Renew Europe vows to break ‘taboos’ in EU agriculture

MEP Martin Hlaváček: “We have decided that we will have an open debate on issues such as GMOs, pesticides and others without any limits and taboos". [Photo by Sarantis Michalopoulos]

The centrist Renew Europe group in the European Parliament aims to “break taboos” in the agricultural sector, according to one of its Czech deputies, Martin Hlaváček.

“We have decided that we will have an open debate on issues such as GMOs, pesticides and others without any limits and taboos,” he told EURACTIV on the sidelines of an event organised by the European Landowners Organisation last week.

The Czech MEP, who is also a member of the Committee on Agriculture and Rural Development (AGRI), added: “We are respecting the views of different European Parliament members, but we want to have this discussion not to avoid it.”

Discussions over the future of EU agriculture, and particularly its role in meeting climate goals, has taken centre stage after the European Commission outlined its European Green Deal in December, which contained a Farm-to-Fork strategy (F2F).

The European farming sector is expected to play a major role in this wider project and the announced F2F will be devoted specifically not only to make agricultural practices more sustainable but also to outline a new integrated food policy that involves the other side of the supply chain.

EU farmers tread carefully on Green Deal, as balance with CAP is not easy stuff

Policymakers are being called to take up the challenge of finding a place for bloc’s farm aid provided under the EU Common Agricultural Policy (CAP) in the ambitious new environmental flagship policy of the European Commission.

The European Commission has proposed increasing to 40% the proportion of the post-2020 Common Agricultural Policy (CAP) expenditure dedicated to climate action.

But for Agriculture Commissioner Janusz Wojciechowski, there is no need to amend the current CAP proposal as it already contains many elements that can enable the sector to meet the ambitions of the Green Deal.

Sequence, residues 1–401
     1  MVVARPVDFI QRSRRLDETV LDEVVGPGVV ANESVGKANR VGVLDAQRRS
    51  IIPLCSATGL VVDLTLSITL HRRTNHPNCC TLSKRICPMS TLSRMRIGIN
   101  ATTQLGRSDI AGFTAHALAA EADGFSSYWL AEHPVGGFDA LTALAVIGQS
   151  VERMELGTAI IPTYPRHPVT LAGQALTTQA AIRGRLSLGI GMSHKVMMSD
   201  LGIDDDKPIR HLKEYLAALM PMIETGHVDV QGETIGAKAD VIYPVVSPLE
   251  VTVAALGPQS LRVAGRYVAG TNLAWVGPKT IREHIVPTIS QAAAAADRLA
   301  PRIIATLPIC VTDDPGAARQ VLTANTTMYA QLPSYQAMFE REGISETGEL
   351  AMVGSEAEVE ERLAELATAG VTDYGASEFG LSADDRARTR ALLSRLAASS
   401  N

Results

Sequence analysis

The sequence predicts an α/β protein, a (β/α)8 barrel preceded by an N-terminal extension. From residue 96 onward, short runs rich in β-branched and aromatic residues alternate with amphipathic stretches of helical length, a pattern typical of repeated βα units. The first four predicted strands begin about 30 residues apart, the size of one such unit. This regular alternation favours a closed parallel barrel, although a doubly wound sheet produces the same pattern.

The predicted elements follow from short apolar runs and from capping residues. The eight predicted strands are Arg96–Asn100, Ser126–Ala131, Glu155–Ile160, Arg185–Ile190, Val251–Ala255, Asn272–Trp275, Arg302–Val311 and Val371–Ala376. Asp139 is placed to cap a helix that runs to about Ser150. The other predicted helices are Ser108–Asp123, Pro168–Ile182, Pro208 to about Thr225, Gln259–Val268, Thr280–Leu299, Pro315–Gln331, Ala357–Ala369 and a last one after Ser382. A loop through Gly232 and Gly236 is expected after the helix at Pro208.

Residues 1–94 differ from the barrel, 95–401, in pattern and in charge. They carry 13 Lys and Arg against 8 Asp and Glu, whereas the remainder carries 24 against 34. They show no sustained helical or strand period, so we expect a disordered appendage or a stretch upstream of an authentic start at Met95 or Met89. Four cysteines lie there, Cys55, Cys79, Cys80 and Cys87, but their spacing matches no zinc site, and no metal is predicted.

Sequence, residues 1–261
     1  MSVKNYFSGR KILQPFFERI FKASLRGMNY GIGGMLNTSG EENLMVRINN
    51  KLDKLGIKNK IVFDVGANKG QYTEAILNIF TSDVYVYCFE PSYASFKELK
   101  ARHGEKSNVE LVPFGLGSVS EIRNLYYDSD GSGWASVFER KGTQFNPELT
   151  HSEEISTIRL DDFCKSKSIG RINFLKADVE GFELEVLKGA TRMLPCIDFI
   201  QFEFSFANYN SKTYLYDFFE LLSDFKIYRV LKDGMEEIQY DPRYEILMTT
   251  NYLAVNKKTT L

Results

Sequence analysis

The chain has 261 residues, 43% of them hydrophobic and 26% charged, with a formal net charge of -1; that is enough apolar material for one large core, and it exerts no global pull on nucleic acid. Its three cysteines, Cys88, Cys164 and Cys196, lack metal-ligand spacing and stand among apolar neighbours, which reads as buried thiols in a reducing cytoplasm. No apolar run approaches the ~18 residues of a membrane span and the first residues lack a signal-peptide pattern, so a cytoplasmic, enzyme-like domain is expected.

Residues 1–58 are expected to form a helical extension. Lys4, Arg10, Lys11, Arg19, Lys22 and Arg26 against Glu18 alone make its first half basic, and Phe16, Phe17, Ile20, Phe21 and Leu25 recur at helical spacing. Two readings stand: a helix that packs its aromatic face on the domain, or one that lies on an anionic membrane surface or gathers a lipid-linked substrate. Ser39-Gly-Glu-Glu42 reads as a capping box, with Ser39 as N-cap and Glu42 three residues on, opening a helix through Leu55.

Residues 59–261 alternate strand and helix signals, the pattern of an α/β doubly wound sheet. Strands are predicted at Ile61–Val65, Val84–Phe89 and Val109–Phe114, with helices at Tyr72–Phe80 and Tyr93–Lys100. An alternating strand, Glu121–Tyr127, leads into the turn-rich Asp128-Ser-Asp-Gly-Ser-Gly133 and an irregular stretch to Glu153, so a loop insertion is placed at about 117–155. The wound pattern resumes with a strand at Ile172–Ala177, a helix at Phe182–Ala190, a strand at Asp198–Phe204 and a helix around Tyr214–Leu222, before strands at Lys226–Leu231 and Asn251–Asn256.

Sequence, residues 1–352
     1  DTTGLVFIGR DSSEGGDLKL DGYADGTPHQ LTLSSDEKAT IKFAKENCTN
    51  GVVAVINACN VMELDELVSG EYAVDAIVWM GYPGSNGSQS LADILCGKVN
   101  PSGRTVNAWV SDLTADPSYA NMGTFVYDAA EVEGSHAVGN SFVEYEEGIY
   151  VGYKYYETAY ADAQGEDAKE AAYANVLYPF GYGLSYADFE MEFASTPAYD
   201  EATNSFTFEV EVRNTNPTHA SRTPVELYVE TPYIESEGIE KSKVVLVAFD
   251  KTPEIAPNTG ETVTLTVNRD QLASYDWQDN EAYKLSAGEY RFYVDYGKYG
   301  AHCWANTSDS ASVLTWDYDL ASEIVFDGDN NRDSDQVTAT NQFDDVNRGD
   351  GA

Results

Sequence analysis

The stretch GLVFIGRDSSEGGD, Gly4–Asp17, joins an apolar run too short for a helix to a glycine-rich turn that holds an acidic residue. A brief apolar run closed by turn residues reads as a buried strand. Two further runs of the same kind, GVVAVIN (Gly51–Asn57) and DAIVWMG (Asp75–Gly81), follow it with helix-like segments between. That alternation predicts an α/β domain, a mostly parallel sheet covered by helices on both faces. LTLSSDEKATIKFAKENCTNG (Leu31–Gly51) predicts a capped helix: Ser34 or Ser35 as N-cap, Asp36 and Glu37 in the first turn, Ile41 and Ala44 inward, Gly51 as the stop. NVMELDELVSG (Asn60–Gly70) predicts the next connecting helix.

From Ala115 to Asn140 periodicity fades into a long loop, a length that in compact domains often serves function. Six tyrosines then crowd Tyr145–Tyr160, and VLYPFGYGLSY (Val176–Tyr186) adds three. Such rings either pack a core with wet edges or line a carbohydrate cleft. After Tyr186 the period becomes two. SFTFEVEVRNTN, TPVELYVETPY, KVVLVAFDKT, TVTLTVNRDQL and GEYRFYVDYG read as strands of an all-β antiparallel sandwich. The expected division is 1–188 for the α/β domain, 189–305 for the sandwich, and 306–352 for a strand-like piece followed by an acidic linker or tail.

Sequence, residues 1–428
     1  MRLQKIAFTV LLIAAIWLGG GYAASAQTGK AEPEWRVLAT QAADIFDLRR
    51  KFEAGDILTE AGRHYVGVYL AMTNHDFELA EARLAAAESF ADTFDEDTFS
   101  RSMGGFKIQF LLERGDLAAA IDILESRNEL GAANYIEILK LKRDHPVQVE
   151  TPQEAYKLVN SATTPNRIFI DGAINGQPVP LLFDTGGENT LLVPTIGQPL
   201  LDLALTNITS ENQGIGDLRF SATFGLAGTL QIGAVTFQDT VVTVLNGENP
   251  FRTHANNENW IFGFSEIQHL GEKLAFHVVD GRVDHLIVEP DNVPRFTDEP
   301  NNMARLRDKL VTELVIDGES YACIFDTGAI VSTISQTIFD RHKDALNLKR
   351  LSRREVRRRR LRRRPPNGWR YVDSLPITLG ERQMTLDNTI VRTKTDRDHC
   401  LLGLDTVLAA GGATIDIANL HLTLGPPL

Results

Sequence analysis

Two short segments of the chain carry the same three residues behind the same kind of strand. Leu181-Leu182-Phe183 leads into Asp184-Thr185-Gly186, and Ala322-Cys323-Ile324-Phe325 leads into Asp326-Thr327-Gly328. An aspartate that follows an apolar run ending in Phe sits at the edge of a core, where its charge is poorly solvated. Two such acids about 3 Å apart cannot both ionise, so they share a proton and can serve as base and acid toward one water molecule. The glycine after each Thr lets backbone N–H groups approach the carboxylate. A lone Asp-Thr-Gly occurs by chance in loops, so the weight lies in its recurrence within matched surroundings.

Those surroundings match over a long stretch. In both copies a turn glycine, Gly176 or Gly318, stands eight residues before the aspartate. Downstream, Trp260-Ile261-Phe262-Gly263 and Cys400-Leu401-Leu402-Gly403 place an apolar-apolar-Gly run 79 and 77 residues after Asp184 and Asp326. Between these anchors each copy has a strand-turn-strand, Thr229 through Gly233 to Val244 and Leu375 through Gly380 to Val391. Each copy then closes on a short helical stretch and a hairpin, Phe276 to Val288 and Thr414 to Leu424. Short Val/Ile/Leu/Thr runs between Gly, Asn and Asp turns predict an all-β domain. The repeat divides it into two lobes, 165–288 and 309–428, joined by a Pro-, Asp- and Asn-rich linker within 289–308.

However, it remains unclear whether the CAP’s new delivery model, which grants more flexibility to member states to come up with their own strategies to deliver the climate goals, will be effective enough in practice.

Possible innovative solutions, including digitalisation, in the agricultural sector will have to be decided by EU governments in a holistic plan. But critics say that without a centralised approach from Brussels this could face some practical difficulties.

Cioloș: Need for a long-term CAP vision

Dacian Cioloș, the leader of Renew Europe, said there is not only one innovation which is disruptive for the food chain but a wide range of innovations and new technologies that can support the transition of Europe’s food systems.

“For example, digitisation will also impact agriculture, not only the agricultural practices with precision agriculture but also the relations within the food chain,” he told EURACTIV.

He said digitalisation could help reduce the impact of agriculture on the environment and natural resources, improve management of water for irrigation and better connect farmers to the different markets, mobilising innovations.

“Farmers can provide solutions to many challenges of EU society, securing food supply and fighting against climate change,” he said.

Referring to the CAP, he said it has to take into account the Green Deal as well. “That’s why it’s important to reflect on the current proposal, which is on the table and adapt it, and put it in the broader context of the Farm-to-Fork strategy.”

Renew Europe will work actively in the coming weeks to come up with a vision integrating what the group expects from the CAP in the short, medium and long term, he said.

“Farmers need predictability; they also need a long-term vision for the CAP based on sustainable practices, fair incomes and a strong connection to consumers expectations,” Cioloș concluded.

[Edited by Frédéric Simon]

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